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Monday, October 4, 2010

They're Just Babies. . .

By now, most of you have heard about the tragic, senseless death of Rutgers' student, Tyler Clementi.  The following was written by C. B. Potts and is reprinted with her permission.

***

And so, it is said to me, you can't really bully someone to death. You can certainly make them miserable, but that choice, that ultimate final choice to end it all, to leap from the bridge, to borrow Daddy's gun, that's out of your hands. That's beyond your power, beyond your responsibility, beyond anything you could conceivably be held accountable for. The blame in suicide lays always upon the person who kills themselves, for they always have another choice.

A fatal reclamation of`personal power, as it were.

I read all these stories of freshly dead children and I say bullshit on that.

Around here, there are what are called (by me, at least) coy dogs. A mix of coyote and good dogs gone bad, feral creatures, they live on the fringes of society, not wholly wild, not nearly tame. No one cares for them. They are self-sufficient, or they die.

Coy dogs are generally small and scraggly. They stand perhaps two feet tall at the shoulder - a few bigger, some very few smaller. They're perpetually thin. On their own, they'll get by. There's garbage, there's house cats, there are slow bunnies and roadkill and dinner snatched secondhand from pampered pet's dishes.

When they work together, though, they can feast. A pack of coy dogs will go after larger prey - goats, sheep, llamas, calves, ponies, deer. It's here, in the hunt, that the coy dogs are at their most primal. You don't see even vague vestiges of the creatures that would once happily follow people around, begging for scraps. Here, it's speed and pursuit -- chasing, chasing, chasing. And coy dogs bark when they hunt -- not like wolves, who mostly keep silent. Coy dogs keep up a constant cacophony of death, announcing imminent demise with every stride. One coy dog will keep in close pursuit, the others hanging back and resting, preserving their strength until it's their turn to take point, to present some fresh new horror, to add another element of terror to the chase. They all take a turn.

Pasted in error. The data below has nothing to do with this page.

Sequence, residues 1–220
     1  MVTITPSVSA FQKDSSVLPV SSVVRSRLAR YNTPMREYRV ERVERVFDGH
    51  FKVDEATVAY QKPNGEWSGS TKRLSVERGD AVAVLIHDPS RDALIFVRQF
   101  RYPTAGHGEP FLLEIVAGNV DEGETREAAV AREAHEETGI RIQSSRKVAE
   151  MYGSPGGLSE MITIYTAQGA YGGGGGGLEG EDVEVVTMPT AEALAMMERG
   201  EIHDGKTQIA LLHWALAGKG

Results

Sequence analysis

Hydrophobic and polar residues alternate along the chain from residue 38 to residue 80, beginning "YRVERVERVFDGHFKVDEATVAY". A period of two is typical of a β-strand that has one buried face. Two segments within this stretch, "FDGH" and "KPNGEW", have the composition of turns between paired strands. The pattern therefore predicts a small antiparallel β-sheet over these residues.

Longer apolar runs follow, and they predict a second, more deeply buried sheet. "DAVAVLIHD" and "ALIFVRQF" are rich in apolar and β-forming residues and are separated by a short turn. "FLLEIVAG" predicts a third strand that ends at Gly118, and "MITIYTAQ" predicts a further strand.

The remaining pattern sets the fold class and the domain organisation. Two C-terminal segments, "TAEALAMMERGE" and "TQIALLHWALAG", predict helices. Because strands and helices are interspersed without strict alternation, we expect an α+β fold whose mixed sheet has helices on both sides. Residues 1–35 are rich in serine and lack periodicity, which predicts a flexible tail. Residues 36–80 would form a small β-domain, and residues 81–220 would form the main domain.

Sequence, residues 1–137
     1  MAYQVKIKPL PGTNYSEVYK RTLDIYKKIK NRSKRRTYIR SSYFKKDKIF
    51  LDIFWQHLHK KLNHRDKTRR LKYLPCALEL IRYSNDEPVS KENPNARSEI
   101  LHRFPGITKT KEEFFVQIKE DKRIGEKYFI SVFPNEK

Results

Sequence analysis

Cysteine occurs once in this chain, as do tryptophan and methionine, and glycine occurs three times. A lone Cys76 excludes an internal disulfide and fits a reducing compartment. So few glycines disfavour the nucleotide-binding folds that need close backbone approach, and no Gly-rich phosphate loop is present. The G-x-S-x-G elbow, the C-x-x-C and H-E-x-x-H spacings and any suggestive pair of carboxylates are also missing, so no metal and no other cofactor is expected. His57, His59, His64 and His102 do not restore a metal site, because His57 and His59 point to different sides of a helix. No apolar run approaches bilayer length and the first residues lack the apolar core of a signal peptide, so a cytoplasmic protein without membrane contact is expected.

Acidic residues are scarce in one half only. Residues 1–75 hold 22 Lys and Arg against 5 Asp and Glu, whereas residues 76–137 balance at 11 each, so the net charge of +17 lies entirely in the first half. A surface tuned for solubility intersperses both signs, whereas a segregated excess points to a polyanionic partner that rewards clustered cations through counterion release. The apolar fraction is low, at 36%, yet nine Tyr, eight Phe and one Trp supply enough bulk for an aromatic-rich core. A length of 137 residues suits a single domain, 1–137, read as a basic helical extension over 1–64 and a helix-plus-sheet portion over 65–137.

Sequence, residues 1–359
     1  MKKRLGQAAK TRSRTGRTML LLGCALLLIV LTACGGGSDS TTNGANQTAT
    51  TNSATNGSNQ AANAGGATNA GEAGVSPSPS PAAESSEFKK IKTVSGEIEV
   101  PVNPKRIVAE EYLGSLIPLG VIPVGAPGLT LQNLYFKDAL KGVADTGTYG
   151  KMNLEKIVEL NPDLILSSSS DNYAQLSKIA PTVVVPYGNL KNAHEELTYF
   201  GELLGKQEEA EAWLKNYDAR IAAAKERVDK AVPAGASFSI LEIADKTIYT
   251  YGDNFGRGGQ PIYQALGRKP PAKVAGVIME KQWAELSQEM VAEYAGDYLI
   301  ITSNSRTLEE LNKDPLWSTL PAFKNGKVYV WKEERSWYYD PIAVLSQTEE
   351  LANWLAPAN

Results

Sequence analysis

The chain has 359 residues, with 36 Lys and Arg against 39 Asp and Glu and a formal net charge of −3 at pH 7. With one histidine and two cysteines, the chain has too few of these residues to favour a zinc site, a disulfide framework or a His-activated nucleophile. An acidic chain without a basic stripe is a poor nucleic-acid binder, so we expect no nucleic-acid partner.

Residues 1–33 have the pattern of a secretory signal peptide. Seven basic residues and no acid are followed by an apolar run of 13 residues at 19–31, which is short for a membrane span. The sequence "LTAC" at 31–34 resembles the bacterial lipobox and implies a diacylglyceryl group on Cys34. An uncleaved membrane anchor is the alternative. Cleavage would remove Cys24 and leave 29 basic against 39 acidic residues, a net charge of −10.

They don't actually bite the prey all that much. A nip at the heels, a few ambitious leaps to worry shoulders, haunches, beefy necks. They don't have to. Once the blood starts running, all they have to do is keep the prey moving, moving, moving, until exhaustion and fear do their magic. It doesn't take long. The point will come where the prey doesn't have the strength to fight anymore. The hooves that should kick away, flinty hooves that can crush a skull, if the strength is there, do not have the strength. It's over, the coy dogs have won, and the end of the game is as much surrender as capture -- even fighting to the last, the prey's been run too hard, too long, to win.

That is what bullying is. Pure and simple, what we're seeing is humanity taking on that coy dog aspect. No one person has to do that much -- what's a comment? what's a shove? what's possessions trashed, families threatened, rumors started, video shared? It is the aggregate effect that kills, the preponderance of hate, delivered daily, hourly, inescapably. Animalistic behavior, the basics of human decency abandoned for the thrill of the chase, the toxic exhilaration of pursuit -- and above all, the embrace of the group, the knowledge that you have a place in the pack. You don't have to do so much, really. Take a turn in point position, if you've the stomach for it, but that's not even truly necessary. All you have to do is hiss little comments. Or laugh. Or look away and do nothing.

And at the end of it all, is there blood on your hands? You can look in the mirror, examine your muzzle, look for the flint-scented evidence that yours was the hate that mattered the most. Will you see it? I guess it depends on the light you choose to stand under.

But deer don't run themselves to death.

Funny thing, that.

1 comment:

  1. Such a moving post. Thank you so much for sharing.

    ReplyDelete